Tuesday, October 30, 2007

The Decision on Court Costs in Woodward v. Grant

I wrote previously about Woodward v. Grant, 2007 BCSC 1192, a case in which the plaintiffs unsuccessfully challenged the validity of Joseph Roberts’ last will. The plaintiffs had alleged that Mr. Roberts’ did not have the capacity to make his last will. The court found that he had.

Last week, Madam Justice Gray released her reasons for judgment on the issue of court costs. The decision on costs is at 2007 BCSC 1549.

The first issue the court considered was whether the successful defendants were entitled to double costs because they had made a formal offer to settle under Rule 37 of the Supreme Court of British Columbia Rules of Court.

In this case, Madam Justice Gray found that the offer to settle was not relevant to the case. The offer was for $1.00 “in full and final satisfaction of the plaintiffs [sic] claim for general damages, special damages and court order interest….” But, the plaintiff’s were not seeking damages, but were seeking an order pronouncing against the validity of the will.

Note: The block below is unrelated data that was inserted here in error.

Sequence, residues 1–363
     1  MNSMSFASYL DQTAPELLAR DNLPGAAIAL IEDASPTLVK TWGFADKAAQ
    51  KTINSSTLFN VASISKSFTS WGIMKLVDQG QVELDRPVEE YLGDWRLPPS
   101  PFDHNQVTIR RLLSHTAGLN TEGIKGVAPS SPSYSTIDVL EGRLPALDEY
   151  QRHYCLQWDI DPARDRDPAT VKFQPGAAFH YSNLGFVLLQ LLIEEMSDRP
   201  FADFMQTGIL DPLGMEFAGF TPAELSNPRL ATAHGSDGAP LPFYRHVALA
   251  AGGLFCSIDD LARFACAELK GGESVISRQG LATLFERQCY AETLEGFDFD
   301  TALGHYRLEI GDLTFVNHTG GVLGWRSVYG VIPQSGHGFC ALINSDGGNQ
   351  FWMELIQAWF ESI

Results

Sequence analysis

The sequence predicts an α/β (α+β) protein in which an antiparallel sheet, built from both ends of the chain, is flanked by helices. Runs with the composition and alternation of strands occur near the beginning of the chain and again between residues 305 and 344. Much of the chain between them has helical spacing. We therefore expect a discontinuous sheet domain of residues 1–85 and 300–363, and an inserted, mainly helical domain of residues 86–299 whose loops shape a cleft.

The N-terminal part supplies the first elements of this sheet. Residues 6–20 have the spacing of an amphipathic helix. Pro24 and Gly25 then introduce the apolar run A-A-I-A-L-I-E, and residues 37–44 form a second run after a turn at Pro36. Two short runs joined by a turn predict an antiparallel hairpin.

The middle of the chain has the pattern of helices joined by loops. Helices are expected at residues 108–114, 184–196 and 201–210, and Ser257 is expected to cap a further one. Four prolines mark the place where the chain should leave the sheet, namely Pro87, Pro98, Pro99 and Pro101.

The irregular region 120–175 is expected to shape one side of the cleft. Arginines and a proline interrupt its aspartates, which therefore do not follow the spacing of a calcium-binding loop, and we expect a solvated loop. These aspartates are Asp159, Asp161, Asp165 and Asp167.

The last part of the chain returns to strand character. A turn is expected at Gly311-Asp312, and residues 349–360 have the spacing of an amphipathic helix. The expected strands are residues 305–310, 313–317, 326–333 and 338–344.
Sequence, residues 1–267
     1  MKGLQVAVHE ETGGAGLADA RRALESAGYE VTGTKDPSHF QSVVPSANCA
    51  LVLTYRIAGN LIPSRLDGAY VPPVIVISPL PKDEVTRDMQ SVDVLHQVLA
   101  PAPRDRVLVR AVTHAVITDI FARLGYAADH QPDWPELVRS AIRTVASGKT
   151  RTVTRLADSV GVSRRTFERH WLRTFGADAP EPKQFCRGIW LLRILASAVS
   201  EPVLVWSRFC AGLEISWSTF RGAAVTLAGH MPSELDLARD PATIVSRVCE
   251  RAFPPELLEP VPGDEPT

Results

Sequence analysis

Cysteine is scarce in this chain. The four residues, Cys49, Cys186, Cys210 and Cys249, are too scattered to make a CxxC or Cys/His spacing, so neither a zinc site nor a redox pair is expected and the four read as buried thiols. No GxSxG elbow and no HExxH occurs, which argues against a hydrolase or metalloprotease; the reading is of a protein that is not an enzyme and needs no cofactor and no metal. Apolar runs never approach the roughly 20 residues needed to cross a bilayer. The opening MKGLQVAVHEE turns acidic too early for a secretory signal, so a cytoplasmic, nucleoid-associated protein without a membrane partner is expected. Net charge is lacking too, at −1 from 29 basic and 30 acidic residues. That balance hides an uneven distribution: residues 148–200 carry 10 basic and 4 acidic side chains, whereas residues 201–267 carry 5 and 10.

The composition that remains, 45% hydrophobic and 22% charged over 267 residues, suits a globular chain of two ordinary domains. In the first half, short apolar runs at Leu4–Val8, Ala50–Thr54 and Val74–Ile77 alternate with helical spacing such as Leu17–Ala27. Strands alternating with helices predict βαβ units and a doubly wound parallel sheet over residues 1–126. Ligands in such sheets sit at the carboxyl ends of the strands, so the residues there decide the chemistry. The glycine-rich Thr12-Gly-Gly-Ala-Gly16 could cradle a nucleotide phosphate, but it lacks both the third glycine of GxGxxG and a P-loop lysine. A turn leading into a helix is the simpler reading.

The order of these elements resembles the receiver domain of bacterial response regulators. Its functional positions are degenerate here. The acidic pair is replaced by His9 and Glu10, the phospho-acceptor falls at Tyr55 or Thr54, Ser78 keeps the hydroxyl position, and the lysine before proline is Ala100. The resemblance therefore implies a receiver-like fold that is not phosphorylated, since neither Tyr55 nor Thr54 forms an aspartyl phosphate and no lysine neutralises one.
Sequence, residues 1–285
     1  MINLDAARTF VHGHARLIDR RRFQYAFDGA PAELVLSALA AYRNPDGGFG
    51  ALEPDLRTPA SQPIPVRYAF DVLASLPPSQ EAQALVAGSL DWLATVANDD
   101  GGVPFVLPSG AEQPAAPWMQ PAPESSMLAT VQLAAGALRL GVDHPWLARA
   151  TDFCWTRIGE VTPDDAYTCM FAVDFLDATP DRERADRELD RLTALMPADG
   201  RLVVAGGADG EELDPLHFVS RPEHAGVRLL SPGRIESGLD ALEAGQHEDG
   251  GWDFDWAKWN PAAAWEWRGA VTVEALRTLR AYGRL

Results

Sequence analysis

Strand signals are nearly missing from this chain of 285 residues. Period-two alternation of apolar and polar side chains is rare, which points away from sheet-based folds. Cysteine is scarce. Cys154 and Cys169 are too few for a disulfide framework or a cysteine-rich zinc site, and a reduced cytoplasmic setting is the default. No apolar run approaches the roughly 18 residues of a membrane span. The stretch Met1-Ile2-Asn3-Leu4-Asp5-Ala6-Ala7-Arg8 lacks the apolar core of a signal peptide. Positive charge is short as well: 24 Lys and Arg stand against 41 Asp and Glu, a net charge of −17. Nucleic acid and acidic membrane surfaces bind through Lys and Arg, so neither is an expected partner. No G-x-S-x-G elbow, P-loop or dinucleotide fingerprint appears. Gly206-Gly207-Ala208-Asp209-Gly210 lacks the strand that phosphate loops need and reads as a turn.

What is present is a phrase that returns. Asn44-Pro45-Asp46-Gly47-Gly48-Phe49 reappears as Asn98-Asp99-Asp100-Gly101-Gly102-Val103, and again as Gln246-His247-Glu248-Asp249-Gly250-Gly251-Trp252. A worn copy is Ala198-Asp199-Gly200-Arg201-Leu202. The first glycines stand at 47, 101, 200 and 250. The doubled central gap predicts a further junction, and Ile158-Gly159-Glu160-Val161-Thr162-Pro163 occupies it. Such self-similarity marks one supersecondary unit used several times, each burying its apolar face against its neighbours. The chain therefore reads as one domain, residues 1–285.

On the other hand, the court also rejected the plaintiffs’ submissions that their costs should come out of the estate.

Madam Justice Gray reviewed the case law, and noted that the trend in lawsuits over wills was for the court to award costs to the successful party against the unsuccessful party. There are exceptions in some cases where the court finds that there is an issue that needs to be litigated often brought about by the testator’s conduct. Sometimes, where capacity is in doubt, the courts have awarded costs to all parties out of the estate.

But in this case, Madam Justice Gray found that the dispute was in substance adversarial between beneficiaries, some of whom would have benefited financially from a previous will. She found it appropriate to order that the unsuccessful plaintiffs pay the defendant’s court costs.

I don’t think there is a clear cut rule on whether the court will award costs out of the estate to all parties in a dispute concerning the validity of the will, or require the unsuccessful party to pay the successful party’s costs. In reading this case, and other cases, the cost awards may tend to reflect the trial judges’ views on the relative merits of the each side’s position. If a party has a reasonably good case to put forward, he or she may be awarded costs out of the estate, even if he or she loses. But, if the court finds that the unsuccessful party did not have a sufficiently good case to bring to trial, the court is more likely to apply the ordinary rule in lawsuits in British Columbia that the unsuccessful party must pay the successful party’s costs.

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